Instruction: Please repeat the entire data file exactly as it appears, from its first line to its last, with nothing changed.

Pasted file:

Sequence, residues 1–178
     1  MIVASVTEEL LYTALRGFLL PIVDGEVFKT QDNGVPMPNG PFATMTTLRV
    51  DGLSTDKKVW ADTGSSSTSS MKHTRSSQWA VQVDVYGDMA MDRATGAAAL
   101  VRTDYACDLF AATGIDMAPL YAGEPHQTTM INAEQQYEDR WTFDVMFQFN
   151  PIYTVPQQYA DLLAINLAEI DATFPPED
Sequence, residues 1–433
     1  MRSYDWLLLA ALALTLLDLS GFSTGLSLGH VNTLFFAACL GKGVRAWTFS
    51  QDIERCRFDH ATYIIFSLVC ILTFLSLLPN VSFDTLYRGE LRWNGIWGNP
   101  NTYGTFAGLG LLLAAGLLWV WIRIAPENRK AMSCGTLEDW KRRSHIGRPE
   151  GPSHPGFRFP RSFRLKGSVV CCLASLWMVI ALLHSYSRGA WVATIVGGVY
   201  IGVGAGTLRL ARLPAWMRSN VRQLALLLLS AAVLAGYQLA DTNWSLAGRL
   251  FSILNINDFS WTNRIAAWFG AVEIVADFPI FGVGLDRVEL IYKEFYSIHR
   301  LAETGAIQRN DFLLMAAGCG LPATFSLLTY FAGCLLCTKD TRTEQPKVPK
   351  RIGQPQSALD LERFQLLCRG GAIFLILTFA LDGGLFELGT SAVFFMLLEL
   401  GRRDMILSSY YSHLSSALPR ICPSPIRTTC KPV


Sequence, residues 1–178
     1  MIVASVTEEL LYTALRGFLL PIVDGEVFKT QDNGVPMPNG PFATMTTLRV
    51  DGLSTDKKVW ADTGSSSTSS MKHTRSSQWA VQVDVYGDMA MDRATGAAAL
   101  VRTDYACDLF AATGIDMAPL YAGEPHQTTM INAEQQYEDR WTFDVMFQFN
   151  PIYTVPQQYA DLLAINLAEI DATFPPED
Sequence, residues 1–433
     1  MRSYDWLLLA ALALTLLDLS GFSTGLSLGH VNTLFFAACL GKGVRAWTFS
    51  QDIERCRFDH ATYIIFSLVC ILTFLSLLPN VSFDTLYRGE LRWNGIWGNP
   101  NTYGTFAGLG LLLAAGLLWV WIRIAPENRK AMSCGTLEDW KRRSHIGRPE
   151  GPSHPGFRFP RSFRLKGSVV CCLASLWMVI ALLHSYSRGA WVATIVGGVY
   201  IGVGAGTLRL ARLPAWMRSN VRQLALLLLS AAVLAGYQLA DTNWSLAGRL
   251  FSILNINDFS WTNRIAAWFG AVEIVADFPI FGVGLDRVEL IYKEFYSIHR
   301  LAETGAIQRN DFLLMAAGCG LPATFSLLTY FAGCLLCTKD TRTEQPKVPK
   351  RIGQPQSALD LERFQLLCRG GAIFLILTFA LDGGLFELGT SAVFFMLLEL
   401  GRRDMILSSY YSHLSSALPR ICPSPIRTTC KPV